India as a country, in terms of expanse and population, is huge. With a population of over 1.2 billion, 39% are children, which is around 470 million. Children are not just our future, but our present too, and we need to work collectively to ensure that their rights are protected.
Was 2018 a game-changer for India’s children? While some decisions taken by the Centre have been a step towards the right direction, events in which child rights have been violated have slowed down the growth process. Certain cases like Kathua, Unnao and the Bihar shelter homes incident depict the grim severity of the situation, and the urgency for us to step up as citizens to take a definitive action against these incidents.
Shelter Homes and The Trafficking of Persons Bill
One of the monumental decisions taken by the Parliament was the passing of The Trafficking of Persons (Prevention, Protection and Rehabilitation) Bill 2018 by the Lok Sabha in the July session. It proposes a punishment ranging from 10 years of rigorous imprisonment to life term and a fine of not less than Rs 1 lakh for people caught in carrying out trafficking activities. It aims to create institutional mechanisms at the district, state and central level to curb trafficking.Hundreds of children go missing in India every year and are sold for labour or sexual exploitation. The bill has provisions to provide rehabilitation, skill development and education to the victims.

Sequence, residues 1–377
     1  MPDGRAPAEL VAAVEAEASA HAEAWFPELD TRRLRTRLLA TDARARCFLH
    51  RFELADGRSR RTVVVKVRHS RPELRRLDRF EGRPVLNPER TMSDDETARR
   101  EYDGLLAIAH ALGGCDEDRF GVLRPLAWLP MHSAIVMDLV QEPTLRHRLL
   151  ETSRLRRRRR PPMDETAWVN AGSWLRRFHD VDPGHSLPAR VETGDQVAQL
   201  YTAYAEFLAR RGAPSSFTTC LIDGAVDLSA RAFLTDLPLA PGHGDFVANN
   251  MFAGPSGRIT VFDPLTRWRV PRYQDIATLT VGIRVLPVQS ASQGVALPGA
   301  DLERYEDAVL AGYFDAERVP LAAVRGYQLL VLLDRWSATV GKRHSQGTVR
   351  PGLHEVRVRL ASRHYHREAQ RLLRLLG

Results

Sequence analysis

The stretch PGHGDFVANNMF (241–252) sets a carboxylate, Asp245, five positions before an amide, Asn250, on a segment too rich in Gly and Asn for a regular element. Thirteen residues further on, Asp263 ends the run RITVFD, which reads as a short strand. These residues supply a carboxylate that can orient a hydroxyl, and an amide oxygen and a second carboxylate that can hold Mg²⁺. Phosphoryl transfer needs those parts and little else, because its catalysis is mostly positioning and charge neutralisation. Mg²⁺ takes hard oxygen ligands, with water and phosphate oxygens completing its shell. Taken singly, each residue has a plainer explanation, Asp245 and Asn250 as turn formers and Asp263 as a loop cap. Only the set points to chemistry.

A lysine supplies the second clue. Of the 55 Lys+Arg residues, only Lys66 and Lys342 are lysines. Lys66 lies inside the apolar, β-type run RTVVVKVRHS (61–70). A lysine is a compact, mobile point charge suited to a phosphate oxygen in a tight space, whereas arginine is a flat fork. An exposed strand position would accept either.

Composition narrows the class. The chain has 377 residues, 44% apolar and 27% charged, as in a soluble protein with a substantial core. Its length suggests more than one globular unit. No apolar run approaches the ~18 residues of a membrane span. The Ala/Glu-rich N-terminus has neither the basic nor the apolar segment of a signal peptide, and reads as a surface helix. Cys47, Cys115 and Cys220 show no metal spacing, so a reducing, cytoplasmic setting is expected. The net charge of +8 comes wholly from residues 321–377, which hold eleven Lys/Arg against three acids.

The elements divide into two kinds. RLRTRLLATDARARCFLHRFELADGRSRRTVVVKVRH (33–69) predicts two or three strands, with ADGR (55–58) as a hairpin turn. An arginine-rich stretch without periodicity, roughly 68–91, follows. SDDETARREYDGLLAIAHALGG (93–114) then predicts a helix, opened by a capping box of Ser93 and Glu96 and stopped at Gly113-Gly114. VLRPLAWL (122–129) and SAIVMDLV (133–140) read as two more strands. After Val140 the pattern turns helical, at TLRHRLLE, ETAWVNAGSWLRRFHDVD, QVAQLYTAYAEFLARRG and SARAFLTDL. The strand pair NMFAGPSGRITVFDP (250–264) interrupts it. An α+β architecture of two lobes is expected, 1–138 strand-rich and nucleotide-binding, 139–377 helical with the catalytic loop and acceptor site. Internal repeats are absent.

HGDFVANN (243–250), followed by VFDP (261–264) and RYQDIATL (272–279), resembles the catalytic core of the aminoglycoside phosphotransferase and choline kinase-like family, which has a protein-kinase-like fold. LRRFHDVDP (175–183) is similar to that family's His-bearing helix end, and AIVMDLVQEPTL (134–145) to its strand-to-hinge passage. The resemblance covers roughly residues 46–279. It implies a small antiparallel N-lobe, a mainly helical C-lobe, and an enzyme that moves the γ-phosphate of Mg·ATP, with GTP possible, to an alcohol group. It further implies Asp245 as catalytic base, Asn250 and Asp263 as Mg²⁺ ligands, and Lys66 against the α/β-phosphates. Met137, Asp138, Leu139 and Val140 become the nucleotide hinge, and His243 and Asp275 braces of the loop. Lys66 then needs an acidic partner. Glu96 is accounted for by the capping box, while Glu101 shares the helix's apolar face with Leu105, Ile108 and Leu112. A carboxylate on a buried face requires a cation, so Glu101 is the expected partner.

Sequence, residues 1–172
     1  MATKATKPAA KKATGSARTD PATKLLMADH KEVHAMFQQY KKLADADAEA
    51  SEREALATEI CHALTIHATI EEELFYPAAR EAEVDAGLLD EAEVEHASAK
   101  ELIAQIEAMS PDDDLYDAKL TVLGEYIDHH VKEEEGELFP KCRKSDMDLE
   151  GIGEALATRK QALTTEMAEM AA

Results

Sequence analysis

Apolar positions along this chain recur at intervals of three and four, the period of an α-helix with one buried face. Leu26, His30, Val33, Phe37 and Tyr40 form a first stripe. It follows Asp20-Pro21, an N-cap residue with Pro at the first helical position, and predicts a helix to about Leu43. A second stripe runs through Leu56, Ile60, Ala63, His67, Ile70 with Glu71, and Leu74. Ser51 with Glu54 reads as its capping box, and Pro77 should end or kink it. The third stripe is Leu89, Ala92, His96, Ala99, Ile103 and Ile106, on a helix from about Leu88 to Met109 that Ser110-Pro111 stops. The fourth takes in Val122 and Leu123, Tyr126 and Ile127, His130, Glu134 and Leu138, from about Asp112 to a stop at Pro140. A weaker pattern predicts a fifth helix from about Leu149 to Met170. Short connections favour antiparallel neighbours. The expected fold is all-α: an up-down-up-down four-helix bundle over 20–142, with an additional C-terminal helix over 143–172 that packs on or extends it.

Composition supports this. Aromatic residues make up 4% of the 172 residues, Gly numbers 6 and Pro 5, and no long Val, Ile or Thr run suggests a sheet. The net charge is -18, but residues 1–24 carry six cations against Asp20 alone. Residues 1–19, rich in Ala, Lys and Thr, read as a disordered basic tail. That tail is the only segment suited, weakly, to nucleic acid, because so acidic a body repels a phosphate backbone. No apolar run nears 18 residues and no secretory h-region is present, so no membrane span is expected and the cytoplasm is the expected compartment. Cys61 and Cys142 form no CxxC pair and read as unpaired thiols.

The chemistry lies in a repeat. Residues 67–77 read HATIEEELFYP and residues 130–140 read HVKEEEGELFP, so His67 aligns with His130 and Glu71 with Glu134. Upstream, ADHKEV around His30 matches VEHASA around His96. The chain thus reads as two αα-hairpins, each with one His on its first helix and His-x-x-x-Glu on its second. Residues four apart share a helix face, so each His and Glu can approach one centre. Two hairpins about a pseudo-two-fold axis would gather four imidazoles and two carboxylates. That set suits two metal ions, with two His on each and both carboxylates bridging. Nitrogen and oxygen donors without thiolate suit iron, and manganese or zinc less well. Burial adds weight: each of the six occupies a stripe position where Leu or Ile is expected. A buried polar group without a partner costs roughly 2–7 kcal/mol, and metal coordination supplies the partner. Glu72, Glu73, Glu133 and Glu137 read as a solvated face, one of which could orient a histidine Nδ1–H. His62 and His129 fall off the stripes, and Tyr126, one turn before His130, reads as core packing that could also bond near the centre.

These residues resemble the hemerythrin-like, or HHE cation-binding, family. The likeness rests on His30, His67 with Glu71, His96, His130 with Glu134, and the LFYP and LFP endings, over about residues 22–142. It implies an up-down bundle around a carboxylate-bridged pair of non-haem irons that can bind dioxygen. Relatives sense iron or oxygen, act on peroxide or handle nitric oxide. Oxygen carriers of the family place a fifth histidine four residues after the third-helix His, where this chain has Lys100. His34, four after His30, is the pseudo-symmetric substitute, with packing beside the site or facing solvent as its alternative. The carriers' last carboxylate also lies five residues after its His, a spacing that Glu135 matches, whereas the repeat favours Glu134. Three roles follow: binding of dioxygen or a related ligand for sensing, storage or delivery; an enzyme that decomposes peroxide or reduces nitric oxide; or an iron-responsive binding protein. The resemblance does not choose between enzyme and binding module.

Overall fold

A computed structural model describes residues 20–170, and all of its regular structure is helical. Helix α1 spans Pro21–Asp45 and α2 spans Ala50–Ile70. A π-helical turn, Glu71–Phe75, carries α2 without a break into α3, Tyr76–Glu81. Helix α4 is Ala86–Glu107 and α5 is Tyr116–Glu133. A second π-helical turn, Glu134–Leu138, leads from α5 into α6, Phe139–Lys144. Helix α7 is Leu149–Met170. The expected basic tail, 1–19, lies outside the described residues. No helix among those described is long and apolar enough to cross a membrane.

As the Parliament winter session is ongoing, over 12,000 trafficking survivors from 14 states have written to Prime Minister Narendra Modi for the passage of the Trafficking bill in the Rajya Sabha. Women and Child development minister Maneka Gandhi also expressed hope for the passage of the crucial trafficking bill.
The Deoria shelter home incident was another case that gained limelight. A shelter home in Deoria, Uttar Pradesh, run by Girija Tripathi was found to be engaging in illegal activities. The girls in the shelter home were subjected to physical, sexual and mental abuse. Tripathi used her clout with influential local politicians and bureaucrats to run the home and get away with these barbaric acts. 24 girls aged 5-15 were rescued from being trafficked, but 18 are still missing.
The Kathua Rape Case Shook the Nation
The year started on a shocking note. In January 2018, 8-year-old Asifa Bano was abducted, drugged with sedatives, brutally raped and murdered in Kathua, Jammu & Kashmir. A week after she went missing, her body was found by villagers of the neighbouring village.
The Kathua rape case was just one of the many. After the incident, the Parliament took a stand and passed the Criminal Law (Amendment) Bill 2018. The amendment calls for death punishment for rapists who have raped girls below the age of 12. If the girl is under 16, the minimum punishment will be 20 years to life imprisonment; a change from the previous 10 year sentence. In case of gangrape of a girl below 12 years of age, the accused will be sentenced to life imprisonment or death. The bill also mandates that the investigation and trial must be completed within two months and dismissed.